As you could have guessed, it was my kids that got me into this mood; but it was poor Kayden (a friend of my oldest daughter) who got caught in the wake of my fury. I was determined to get a hike in, because I had been denied the last few weeks. I was leaving at 1:30 pm, and that was that. I invited Kayden to come along, and I let her know the deadline. She called at 1:30 to let me know she was on her way. I told her I was sorry, but on the way was not good enough, because we were leaving. I still feel a little bad about it; but I'll confess it felt a little good too. I've always tried to suppress my inner bitch, but I'm finding sometimes she's really great to have around. She just needs to be controlled is all.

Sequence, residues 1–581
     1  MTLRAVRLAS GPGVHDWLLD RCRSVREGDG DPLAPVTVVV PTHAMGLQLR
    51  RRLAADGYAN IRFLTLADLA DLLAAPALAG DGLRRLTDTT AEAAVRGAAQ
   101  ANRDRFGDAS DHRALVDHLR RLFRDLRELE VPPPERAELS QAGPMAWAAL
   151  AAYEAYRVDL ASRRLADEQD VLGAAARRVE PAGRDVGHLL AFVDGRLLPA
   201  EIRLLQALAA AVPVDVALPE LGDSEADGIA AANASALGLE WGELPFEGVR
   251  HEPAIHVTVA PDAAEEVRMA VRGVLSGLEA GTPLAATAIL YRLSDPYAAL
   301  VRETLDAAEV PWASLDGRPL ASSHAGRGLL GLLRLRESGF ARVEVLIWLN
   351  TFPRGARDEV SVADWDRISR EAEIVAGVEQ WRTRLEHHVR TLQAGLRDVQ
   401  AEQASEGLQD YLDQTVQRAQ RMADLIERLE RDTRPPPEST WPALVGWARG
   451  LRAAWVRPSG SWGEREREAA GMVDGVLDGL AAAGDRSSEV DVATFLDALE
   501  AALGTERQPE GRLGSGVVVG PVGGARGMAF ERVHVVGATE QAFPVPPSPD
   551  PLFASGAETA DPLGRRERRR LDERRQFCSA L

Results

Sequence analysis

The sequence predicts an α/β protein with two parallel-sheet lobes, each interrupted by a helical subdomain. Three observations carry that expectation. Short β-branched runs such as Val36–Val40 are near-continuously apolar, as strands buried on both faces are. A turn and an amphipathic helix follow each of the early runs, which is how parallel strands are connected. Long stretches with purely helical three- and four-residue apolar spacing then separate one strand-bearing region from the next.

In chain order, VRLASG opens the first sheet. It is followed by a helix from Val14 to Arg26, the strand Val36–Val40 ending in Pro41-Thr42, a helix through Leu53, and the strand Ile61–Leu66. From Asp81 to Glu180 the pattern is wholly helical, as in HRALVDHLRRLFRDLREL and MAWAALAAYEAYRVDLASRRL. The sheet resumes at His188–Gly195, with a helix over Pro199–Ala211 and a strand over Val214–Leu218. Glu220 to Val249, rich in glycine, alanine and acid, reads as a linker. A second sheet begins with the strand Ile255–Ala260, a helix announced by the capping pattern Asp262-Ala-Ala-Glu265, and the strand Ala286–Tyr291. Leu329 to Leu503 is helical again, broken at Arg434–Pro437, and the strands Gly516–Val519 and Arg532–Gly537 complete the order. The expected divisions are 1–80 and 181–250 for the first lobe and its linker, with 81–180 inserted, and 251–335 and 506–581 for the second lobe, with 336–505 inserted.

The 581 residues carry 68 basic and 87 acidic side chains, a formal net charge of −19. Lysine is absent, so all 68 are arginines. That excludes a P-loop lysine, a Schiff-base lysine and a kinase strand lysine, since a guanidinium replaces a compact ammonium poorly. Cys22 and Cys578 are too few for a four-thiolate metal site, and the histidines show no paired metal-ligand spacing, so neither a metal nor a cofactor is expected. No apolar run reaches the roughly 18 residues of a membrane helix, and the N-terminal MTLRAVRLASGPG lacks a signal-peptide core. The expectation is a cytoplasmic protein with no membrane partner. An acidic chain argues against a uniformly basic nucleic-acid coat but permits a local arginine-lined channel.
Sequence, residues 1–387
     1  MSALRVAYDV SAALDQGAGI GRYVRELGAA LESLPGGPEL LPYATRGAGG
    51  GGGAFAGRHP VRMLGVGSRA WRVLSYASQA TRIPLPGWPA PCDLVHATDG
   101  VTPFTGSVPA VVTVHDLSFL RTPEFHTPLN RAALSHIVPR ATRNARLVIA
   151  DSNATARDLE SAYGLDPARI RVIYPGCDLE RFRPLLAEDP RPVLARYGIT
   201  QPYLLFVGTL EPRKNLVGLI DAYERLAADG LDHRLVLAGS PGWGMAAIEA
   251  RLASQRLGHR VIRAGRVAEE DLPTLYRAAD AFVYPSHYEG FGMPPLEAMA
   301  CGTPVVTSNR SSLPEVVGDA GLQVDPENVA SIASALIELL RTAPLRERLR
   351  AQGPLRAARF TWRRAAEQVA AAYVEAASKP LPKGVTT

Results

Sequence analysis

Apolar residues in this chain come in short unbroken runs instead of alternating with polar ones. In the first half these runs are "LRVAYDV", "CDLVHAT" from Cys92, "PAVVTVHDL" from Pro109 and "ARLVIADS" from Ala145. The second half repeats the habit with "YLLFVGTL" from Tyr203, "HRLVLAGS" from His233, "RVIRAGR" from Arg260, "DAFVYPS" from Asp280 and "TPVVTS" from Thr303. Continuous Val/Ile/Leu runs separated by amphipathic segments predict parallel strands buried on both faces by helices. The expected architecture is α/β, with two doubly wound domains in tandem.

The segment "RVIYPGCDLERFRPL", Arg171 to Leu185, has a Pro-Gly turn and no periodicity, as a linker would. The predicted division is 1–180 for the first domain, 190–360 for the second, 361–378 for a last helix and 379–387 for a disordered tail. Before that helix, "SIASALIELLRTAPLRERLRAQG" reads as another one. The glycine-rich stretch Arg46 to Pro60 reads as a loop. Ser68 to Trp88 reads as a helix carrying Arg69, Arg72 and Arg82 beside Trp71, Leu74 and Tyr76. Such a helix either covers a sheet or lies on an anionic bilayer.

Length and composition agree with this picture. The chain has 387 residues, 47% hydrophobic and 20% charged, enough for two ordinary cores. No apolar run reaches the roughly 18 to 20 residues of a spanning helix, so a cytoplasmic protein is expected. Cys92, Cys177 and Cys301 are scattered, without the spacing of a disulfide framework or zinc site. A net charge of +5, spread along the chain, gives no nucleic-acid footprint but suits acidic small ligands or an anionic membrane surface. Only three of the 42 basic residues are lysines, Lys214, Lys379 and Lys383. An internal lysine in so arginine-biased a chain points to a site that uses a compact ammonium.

Summer and two of her friends were coming, and now that I had an extra seat I decided last minute to take my other bitch along--my dog, Lexi. I don't usually take her hiking with me, because just like my inner bitch; she is not easily restrained. But she really needed the exercise, and if there was ever a day I felt up to showing her who the alpha was, it was today.
Cute bridge alert!
It took us a little over an hour to get to the trailhead, with Lexi whining and acting crazy most the way. This is a really popular hike, and it was a nice Saturday, so I wasn't surprised to find cars lined up for probably a quarter mile. There were a ton of little kids, and little dogs...just what Lexi wants to dominate. That, combined with Summer and her friends running ahead of us, made Lexi even crazier than usual. I honestly wanted to choke that dog for the first 3 miles, and I promised myself this was the last time I was ever taking her with me.